Hands-On Preview: Nintendo World Championships NES Edition

150 challenges across 13 different NES games coalesce into an electric, addicting experience!

By Robert Marrujo. Posted 06/27/2024 12:17 Comment on this     ShareThis

Last week I and Senior Editor Angela Marrujo Fornaca had the opportunity to go hands-on with Nintendo World Championship NES Edition (NWC) in downtown San Francisco. It was a sunny day as we made our way into the building where we were greeted and swiftly taken upstairs to give the game a try. We had about an hour to fool around with NWC and we were ready to go.

The team from Nintendo had us taking on different gameplay modes for our demo. The key thing to understand about NWC is that it’s comprised of pieces of gameplay from across 13 different NES games. This includes Super Mario Bros., The Legend of Zelda, Balloon Fight, Metroid, and others. There are 150 challenges in total to take on, all with scaleable difficulty levels. If you want things light and breezy, the game will accommodate you, and if you want things tough as nails, it can be that for you, as well. Unlike NES Remix, however, which bears some resemblance to NWC, the focus here is on speed.

Indeed, the first mode we got to try was Speedrun Mode. Players take on challenges with the goal of completing them as fast as possible. These challenges can last seconds in some cases, like grabbing a Super Mushroom in level 1-1 of Super Mario Bros., or minutes, like guiding Kirby all the way to the final door in one of his stages. I found myself getting swept up in the experience almost immediately. Despite this being a timed demo, I very much wanted to get the best times I could while playing. The games are their original NES versions, so anyone familiar with the mechanics and feel of them will be right at home.

From Speedrun Mode we transitioned into Survival Mode. Here, the goal is to take on a curated set of three challenges against the ghost data of eight other players. With each round, the roster reduces down from eight to four to two, so the player has to rank as high as possible each time in order to stay in the competition. There’s the Silver Division, which is the less challenging version of the trial, and Gold Division, which is where things get really tough. Players don’t get to choose the order that the challenges appear, so it’s key to stay on your toes. I had a ton of fun taking on other people’s top times.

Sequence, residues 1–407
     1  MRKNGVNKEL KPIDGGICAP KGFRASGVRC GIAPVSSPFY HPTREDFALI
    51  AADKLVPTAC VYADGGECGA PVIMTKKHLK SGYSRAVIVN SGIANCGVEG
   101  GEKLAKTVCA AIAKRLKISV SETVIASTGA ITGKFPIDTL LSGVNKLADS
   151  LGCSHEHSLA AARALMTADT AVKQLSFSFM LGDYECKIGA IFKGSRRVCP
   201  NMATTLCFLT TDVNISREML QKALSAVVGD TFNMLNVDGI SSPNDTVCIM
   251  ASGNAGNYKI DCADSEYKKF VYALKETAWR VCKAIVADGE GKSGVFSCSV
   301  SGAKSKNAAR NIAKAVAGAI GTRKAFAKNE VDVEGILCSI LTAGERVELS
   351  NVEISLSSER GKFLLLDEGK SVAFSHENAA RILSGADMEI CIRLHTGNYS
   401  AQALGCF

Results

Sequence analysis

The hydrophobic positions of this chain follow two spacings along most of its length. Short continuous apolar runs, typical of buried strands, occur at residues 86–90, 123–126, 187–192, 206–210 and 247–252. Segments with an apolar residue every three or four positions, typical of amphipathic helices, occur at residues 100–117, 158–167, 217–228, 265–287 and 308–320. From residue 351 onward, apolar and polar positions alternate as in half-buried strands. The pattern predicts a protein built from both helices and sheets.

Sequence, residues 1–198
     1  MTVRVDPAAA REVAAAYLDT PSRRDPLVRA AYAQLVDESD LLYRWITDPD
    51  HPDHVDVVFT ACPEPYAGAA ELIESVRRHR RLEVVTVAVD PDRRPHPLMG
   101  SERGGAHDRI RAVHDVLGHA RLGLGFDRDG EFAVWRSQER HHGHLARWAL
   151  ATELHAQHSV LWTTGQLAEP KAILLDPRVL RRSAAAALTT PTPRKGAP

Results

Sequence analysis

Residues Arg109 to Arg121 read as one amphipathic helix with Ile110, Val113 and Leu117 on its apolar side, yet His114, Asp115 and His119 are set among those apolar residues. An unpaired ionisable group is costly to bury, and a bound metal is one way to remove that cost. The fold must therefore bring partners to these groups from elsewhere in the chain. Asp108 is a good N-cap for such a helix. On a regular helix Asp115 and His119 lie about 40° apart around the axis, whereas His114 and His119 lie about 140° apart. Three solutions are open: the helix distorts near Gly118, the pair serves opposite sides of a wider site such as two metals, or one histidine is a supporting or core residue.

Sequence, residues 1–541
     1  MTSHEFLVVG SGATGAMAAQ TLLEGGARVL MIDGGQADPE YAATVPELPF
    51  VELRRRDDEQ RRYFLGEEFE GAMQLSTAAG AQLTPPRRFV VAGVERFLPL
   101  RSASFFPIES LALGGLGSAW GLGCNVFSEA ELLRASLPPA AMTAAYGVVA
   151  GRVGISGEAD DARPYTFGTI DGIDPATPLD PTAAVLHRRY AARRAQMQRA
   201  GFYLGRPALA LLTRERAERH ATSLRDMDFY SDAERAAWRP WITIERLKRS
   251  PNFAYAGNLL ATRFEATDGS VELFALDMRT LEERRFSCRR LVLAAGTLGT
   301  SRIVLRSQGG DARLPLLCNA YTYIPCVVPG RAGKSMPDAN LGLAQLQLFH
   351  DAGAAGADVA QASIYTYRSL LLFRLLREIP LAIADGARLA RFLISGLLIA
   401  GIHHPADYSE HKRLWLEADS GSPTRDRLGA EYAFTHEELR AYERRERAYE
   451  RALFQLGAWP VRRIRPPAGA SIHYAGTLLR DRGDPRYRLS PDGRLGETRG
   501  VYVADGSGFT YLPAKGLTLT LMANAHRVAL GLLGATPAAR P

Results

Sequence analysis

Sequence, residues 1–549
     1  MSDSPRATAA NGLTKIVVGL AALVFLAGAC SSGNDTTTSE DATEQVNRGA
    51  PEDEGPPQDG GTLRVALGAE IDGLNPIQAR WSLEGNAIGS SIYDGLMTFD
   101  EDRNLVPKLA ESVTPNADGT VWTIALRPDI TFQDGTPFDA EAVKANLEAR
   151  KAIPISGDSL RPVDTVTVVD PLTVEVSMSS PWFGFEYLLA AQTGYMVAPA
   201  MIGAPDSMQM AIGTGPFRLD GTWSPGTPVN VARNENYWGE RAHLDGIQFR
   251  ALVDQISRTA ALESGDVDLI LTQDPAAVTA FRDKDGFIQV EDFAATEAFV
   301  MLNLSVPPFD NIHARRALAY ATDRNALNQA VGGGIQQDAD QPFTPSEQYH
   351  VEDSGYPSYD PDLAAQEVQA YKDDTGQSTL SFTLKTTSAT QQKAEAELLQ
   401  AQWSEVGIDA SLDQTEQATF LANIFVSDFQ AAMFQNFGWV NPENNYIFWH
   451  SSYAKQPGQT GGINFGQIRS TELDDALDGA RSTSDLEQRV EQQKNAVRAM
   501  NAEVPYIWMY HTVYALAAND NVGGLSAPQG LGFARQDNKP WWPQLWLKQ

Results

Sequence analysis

Here’s a look at the Deluxe Set of Nintendo World Championships: NES Edition.

From there, Angela and I took on a pair of YouTubers: Andre Meadows of Black Nerd Comedy and Katie Wilson. We competed in a couple rounds of Party Mode and it was a fun, taut battle all the way to the end. It was capped off with a run through three stages of the original arcade Donkey Kong. Andre came out on top in that one, but Angela and I otherwise won the other rounds. I legitimately wanted to keep playing before our time was up. I can easily see NWC becoming a party staple for many people. Its gameplay is incredibly addicting yet also very accessible. If you’re a competitive person, this game will get your engine running, for sure.

Speaking of competition, NWC boasts a pretty robust suite of online options. Unfortunately, we didn’t get to experience them during the demo, but I feel pretty confident that given the nature of NWC, it should hold up well online. We’ll know for sure once it launches on July 18, but if nothing else, know that it ran swimmingly in local co-op. There are even options to modify the game screen so that, for instance, when taking on Survival Mode challenges, the player can single out their own screen to focus on. It was a small quality of life feature that I really appreciated. There’s also support for the Switch’s wireless NES controllers, for those who want a really authentic feeling retro experience.

Evidence of team Nintendojo’s victory!

There are other touches in NWC that really serve to ramp up the charm factor. A lot of inspiration has been taken from the layout of early Nintendo Power issues for some of the UI screens. Players also get to make their own custom avatars by choosing from a range of NES sprites (with plenty to unlock), as well as add what the game called Hype Tags which say things like “Lost My Save Data,” “Read Every Player’s Guide,” “NES Generation,” and much more. The hype is real for NWC. We left the demo with a lot of optimism for this one and we can’t wait to play the final build in a few weeks.

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